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A Cold Look at Cold Fusion Claims: Why E-Cat Looks Like a Hoax 426

Posted by timothy
from the judas-gets-too-little-credit dept.
In the past few days, several readers have submitted word of a paper published on Arxiv allegedly confirming the efficacy of Andrea Rossi's "E-Cat," a device Rossi says transmutes nickel into copper, producing cheap energy in the process. (Mentioned before on Slashdot.) Ethan Siegel of ScienceBlogs takes a skeptical look at the buzz surrounding this paper, and asks some seemingly obvious questions, pointing out various ways in which the cold-fusion / cheap-energy claims could be either confirmed or debunked. First time accepted submitter CdXiminez writes with a capsule of Siegel's points: "What would it take to convince a reasonable observer that you've got a controlled nuclear reaction going on here? Things not shown in the earlier report: Show that nuclear transmutation has in fact taken place; Start the device operating by whatever means you want, then disconnect all external power to it, and allow it to run; Place a gamma-ray detector around the device; Accurately monitor the power drawn from all sources to the device at all times, while also monitoring the energy output from the device at all times."
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A Cold Look at Cold Fusion Claims: Why E-Cat Looks Like a Hoax

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  • by Anonymous Coward on Thursday May 23, 2013 @11:39AM (#43803541)

    That quote is P.T. Barnum. If you are looking for a W.C. Fields quote for this article, I suggest "If you can't dazzle them with brilliance, baffle them with bull."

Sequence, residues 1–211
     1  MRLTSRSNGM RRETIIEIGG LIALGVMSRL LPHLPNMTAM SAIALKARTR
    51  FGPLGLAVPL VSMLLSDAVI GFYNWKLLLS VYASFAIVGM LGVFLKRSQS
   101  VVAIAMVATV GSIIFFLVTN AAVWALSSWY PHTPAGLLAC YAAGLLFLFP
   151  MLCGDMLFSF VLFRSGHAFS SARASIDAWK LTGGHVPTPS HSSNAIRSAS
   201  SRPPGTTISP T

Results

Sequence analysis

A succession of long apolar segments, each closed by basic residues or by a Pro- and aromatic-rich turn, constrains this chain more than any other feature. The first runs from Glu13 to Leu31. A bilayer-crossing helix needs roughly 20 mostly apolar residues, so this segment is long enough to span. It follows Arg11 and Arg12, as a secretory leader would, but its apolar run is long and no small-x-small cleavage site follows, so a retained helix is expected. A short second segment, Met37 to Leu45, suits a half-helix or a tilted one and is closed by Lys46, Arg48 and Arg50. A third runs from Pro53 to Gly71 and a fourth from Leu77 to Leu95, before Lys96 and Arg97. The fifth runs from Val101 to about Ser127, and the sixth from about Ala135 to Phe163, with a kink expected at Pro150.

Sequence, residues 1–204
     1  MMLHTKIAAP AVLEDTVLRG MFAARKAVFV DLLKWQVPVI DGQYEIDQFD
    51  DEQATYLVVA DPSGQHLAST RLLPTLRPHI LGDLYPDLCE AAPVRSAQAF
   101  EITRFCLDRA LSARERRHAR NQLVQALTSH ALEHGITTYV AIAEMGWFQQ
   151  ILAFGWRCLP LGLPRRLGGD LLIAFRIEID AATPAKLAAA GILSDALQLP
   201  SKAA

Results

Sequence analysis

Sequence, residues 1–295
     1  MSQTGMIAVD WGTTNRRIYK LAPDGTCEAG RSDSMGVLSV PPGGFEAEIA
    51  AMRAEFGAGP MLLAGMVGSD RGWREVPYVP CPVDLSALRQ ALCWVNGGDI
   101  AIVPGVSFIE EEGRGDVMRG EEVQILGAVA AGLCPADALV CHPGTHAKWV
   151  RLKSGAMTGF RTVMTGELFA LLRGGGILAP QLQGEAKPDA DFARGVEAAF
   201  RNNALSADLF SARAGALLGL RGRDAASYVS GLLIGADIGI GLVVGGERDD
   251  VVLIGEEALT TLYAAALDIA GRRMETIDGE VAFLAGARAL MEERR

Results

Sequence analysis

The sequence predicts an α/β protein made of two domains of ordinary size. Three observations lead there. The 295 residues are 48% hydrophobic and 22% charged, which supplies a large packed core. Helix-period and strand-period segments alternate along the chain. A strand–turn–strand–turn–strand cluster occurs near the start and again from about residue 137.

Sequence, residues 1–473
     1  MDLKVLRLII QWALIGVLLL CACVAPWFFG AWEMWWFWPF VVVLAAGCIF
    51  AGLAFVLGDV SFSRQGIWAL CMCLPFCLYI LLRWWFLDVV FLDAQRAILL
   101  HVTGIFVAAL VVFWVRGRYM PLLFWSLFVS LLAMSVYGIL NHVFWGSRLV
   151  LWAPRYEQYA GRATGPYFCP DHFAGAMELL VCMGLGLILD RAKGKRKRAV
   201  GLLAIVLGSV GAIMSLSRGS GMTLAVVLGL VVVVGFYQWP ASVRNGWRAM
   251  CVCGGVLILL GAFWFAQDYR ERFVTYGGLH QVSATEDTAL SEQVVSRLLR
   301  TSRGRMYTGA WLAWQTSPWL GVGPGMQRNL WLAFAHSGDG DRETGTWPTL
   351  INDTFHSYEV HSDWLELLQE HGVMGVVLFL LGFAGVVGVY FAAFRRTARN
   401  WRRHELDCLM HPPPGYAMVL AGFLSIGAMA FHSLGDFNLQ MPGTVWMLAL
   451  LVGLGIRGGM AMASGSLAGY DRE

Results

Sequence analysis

• by Peter Simpson (112887) on Thursday May 23, 2013 @11:46AM (#43803619)
    NASA is "looking into this": don't misinterpret investigation as validation. If it's not reproducible, more work needs to be done. If the process appears to violate the laws of thermodynamics, your first reaction should be "scam", not "how do I get in on this?". Your second reaction should be "how do they do it"? It's been many years since cold fusion and while there have been tantalizing hints that there may be something to it, nobody has been able to reliably reproduce the phenomenon for objective observers.
  • by Sockatume (732728) on Thursday May 23, 2013 @11:53AM (#43803681)

    There's plenty of reseach into legitimate low-temperature, low-pressure fusion, going under names like muon-catalysed and antimatter-catalysed fusion. It's very well accepted work. The trouble is that most research going under the name "cold fusion" would better be described as "I have invented a machine that makes energy from nowhere and am postulating fusion as its mechanism of operation".

  • by Anonymous Coward on Thursday May 23, 2013 @11:54AM (#43803699)

    Principals? Principles.

  • by dmbasso (1052166) on Thursday May 23, 2013 @12:01PM (#43803771)

    If it's not reproducible, more work needs to be done.

    It is reproducible, that's the whole point they're still "looking into this".

    If the process appears to violate the laws of thermodynamics [...]